If you want to leave, you can send us your request one year before completing your specified return of service. How long this return of service is, will depend on the branch you join. You will need to give 12 months’ notice.
    Promotion You’ll start your career as an Able Rate and will spend time in the stores department at sea in a ship or busy naval base. With some experience and further training, you could be promoted to Leading Hand and may choose to come on shore and work in a number of places, or change to a different type of ship. After that, you may go on to become a Petty Officer running your own department at sea, or on shore and then later you could become a Chief Petty Officer heading up a busy shore department or serving at sea again. Finally you could become a Warrant Officer working in a headquarters. If you show the right commitment, skills and academic ability, you may also have the chance to become a Logistics Officer running the catering, stores and personnel departments. You’ll be selected for promotion on merit, so if you work hard, you can quickly rise through the ranks.
    Skills for life During your time in the Logistics branch you will have the opportunity to gain all kinds of professional skills, as well as personal qualities like teamwork, problem-solving and self-confidence. Training will be a constant feature of your time with us and we’ll help you gain academic qualifications, key skills and GCSEs. We’ll also help you work towards NVQs in Warehousing. You can also become a member of a number of professional organisations such as the Chartered Institute of Logistics and Transport. As well as helping you develop your Royal Navy career, everything you achieve will be recognised and valued by a future civilian employer.
    Sport and recreation We can offer you a fantastic range of sports and other activities. All our ships and shore bases have superb sports and fitness facilities and we play a huge number of team and individual games. You’ll also have the chance to go on adventurous training, which could be anything from a jungle expedition to mountaineering and caving to parachuting
  17. Okay thanks for your help , I looked on the website and it's quite limited in what they say about the role that's why I came onto this forum to ask questions to serving or ex serving suppl chain logisticians thanks anyway it's answered my questions that the navy website couldn't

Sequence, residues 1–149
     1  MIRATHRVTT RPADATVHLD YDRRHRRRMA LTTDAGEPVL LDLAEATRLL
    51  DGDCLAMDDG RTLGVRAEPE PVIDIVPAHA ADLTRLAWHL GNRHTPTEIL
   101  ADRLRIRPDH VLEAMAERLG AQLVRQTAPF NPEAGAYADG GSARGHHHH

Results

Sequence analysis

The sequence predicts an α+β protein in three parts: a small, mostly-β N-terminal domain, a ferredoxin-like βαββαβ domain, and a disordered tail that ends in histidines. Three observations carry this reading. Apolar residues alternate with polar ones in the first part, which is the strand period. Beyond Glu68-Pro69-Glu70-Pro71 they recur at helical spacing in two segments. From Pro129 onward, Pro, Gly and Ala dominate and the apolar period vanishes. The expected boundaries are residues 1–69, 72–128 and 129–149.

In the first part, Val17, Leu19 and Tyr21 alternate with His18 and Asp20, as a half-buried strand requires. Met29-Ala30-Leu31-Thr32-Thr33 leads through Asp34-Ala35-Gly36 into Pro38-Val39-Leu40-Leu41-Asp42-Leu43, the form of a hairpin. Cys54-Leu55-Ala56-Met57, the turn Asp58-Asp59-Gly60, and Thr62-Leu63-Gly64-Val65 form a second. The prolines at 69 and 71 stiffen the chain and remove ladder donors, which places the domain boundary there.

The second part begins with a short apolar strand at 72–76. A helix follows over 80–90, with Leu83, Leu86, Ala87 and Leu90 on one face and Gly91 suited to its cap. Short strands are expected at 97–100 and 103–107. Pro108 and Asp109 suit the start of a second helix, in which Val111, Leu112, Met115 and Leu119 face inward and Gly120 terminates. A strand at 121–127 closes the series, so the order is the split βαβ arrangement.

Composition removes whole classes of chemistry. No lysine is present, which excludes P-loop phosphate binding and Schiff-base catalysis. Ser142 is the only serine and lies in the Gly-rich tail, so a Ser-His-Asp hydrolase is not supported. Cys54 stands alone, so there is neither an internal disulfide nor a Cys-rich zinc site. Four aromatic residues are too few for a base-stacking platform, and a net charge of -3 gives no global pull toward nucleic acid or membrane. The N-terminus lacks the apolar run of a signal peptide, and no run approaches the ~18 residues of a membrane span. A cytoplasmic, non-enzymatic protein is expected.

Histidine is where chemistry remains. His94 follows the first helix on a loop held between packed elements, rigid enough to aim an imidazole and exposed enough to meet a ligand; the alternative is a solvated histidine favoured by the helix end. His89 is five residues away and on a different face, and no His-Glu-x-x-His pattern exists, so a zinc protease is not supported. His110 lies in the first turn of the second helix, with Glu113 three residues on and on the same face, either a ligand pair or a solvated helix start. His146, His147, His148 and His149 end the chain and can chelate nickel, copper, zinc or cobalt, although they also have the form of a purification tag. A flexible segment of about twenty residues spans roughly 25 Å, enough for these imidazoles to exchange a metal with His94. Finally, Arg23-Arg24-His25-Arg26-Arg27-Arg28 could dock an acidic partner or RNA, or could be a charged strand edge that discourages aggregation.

18. I myself are thinking of applying for SC or Handler.

    I do have a few questions that I cant find an answer to regarding SC.

    1. Is their a lot of advanced numeracy required for the SC branch because my maths isn't my strong point.

    2. When the ship comes along side does an SC get the same amount of time ashore as everyone else. I know stocking the ship along side is the main part of it but was wondering if you still get same amount of time off.

    3. I heard that SC doesn't do watch duties is this true. What else does an SC get away with doing.
  19. As an ABSC of 10 years, here's my responses:
    1. As long as you can count without taking off your socks, you'll be fine. With a grade D in maths you can make Leading SC, To make Petty Officer SC, you'll need a Grade C or Level 2 Key Skills.

    2. Some branches get make a mends during the "working day" as they work shifts at all hours of the night. We're "day workers" so we tend to work 8-5 alongside or at sea. But there are times we work (much much) later. Depending on your leading hands / PO, you may get time to catch up on missed sleep (say if you worked 8am-3am loading containers). No one dips out, just some dip in more than others

    3. You're kidding right? We I mentioned in answer 2, we don't keep watches if that's what you mean? (Though in the Pacific we may split the department into a day shift and a night shift to facilitate signal and email traffic back to the UK due to time zones.
    As for actual duties (if that's what you mean?) on a type 23, you may be 1 day in 4 duty alongside as the duty SC for out of hours urgent demands (think along the lines of: kit is broken and it needs to be repaired. The Chief Stoker needs a spare part to fix it, you don't have it on ship and it needs to. E in your hands yesterday!), we will also pull fire fighting duties and sometimes may be part of the "Colours Party", helping to raise and lower the colours in the morning and evening.

    Hope this helps.

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  20. Yeah that's great info, thanks a lot for that. I've been waiting for someone currently serving in the branch to answer my questions. I've been reading so many webpages, done live chats and been speaking to the AFCO and its really hard to find any info of what the job and life is actually like on ship for an SC.

    One question I forgot to ask was are their opportunities to get driving licenses for different vehicles?